While these messaging apps do prevent over-the-wire snooping, it is still possible for endpoints to be compromised or for man-in-the-middle attacks to occur. This means that even with encryption, cybercriminals are still vulnerable to having their communications intercepted or compromised. Even in situations where they are confident their transmission is secured, there is no guarantee that the individual on the other end of the conversation is not compromised or a member of law enforcement.
Chatroom communication is not a new concept despite its usefulness to cybercriminals. It has been utilized by various groups, including those in the gaming community, for years. Chat rooms are similar to messaging apps in that they allow for real-time information sharing. However, unlike messaging apps, chat rooms may have many participants chatting simultaneously, making them a valuable tool for cybercriminals who want to exchange information quickly and efficiently.
Cybercriminals often utilize chat rooms to communicate with each other, buy and sell goods and services, and share knowledge and expertise. This method of trading information has been around for decades, dating back to the early days of IRC services. Much like other forms of collaboration, these generally exist on private servers with limited access, making it more challenging for law enforcement to snoop on them.
Darkweb private chat room.
Cybercriminals often use the dark web to buy and sell goods and services, as these marketplaces are accessible only through the Tor network and offer a high degree of anonymity. This anonymity is essential for cybercriminals as they trust that the decentralized Tor network hides their use of these sites and keeps them anonymous.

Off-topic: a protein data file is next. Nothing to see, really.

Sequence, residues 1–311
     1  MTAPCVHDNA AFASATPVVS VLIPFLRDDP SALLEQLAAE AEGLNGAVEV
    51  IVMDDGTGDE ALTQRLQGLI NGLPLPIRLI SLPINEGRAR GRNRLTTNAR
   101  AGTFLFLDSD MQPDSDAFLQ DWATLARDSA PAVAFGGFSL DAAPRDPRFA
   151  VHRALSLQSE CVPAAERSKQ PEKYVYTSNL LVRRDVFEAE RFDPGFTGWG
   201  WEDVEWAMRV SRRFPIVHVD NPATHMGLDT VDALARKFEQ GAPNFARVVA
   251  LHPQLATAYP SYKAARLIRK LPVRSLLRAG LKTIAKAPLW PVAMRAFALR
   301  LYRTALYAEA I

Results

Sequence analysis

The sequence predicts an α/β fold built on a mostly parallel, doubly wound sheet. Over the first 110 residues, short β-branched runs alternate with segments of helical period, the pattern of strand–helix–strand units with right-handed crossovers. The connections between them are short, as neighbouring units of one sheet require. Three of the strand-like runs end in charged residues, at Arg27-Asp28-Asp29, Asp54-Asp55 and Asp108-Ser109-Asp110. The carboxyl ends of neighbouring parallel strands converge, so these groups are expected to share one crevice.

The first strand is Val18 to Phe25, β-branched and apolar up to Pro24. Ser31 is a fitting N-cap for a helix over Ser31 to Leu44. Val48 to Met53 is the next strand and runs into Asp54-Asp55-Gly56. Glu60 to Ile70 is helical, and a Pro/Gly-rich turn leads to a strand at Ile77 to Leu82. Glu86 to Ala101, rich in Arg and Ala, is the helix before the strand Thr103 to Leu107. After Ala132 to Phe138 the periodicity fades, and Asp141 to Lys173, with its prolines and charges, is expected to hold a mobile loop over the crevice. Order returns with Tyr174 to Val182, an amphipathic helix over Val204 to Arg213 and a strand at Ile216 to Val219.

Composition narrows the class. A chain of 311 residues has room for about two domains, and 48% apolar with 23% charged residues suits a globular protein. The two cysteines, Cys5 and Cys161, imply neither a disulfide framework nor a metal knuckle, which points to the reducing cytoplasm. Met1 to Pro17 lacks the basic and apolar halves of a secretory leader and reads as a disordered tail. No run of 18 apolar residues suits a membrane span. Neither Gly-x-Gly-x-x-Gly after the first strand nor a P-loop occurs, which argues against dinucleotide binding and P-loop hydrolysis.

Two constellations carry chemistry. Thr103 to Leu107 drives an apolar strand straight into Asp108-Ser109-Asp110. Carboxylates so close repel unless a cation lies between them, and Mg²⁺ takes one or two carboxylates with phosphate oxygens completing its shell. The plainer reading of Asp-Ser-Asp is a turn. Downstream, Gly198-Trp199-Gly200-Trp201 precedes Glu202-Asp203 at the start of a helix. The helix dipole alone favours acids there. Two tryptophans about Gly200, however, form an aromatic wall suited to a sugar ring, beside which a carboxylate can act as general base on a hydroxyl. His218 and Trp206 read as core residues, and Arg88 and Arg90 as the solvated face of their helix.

While Tor does offer a level of anonymity, it is not perfect. Compromised exit nodes can monitor and intercept traffic, potentially exposing cybercriminals’ identities. In addition, while cryptocurrency transactions are often used to facilitate transactions on the dark web, they can be tracked in some cases, making it possible for law enforcement to trace transactions back to their source. This happened in 2021 when the world’s then-largest dark web marketplace was shut down by law enforcement after a coordinated investigation between multiple agencies. And now in 2023, another notorious marketplace known as Genesis, hosting around 80 million credentials stolen from more than 2 million people, has been seized by law enforcement agencies from several countries.
You can check whether your data has been compromised from Genesis marketplace via the Dutch police who were part of the investigation.
A Russian marketplace selling stolen account data from various websites.
One-to-one information trading is common among cybercriminals, allowing them to monetize stolen data quickly and efficiently using various contact methods such as email or phone. This method is typically reserved for when the cybercriminals already have a working business relationship or a direct referral by a trusted partner.
Even in these cases, criminals attempt to obfuscate their identities and limit the sharing of personal information to prevent being caught. This may involve using aliases, encrypted messaging apps, and other techniques to hide their true identities and locations.
Stay Ahead of Cybercriminals
As the landscape of cybercrime evolves, it’s critical to stay vigilant and take proactive measures to protect your brand identity. With new platforms and communication methods constantly being developed to evade detection, it’s more important than ever to partner with a trusted security provider like Bfore.Ai.
Our advanced PreCrime solutions are designed to safeguard your brand from the latest cyber threats and attacks. Whether monitoring your online presence for potential risks or providing real-time threat intelligence and incident response, Bfore.ai has the expertise and tools to keep your brand safe.
Don’t wait until it’s too late to protect your brand identity. Contact Bfore.Ai today and let us help you stay one step ahead of the cybercriminals !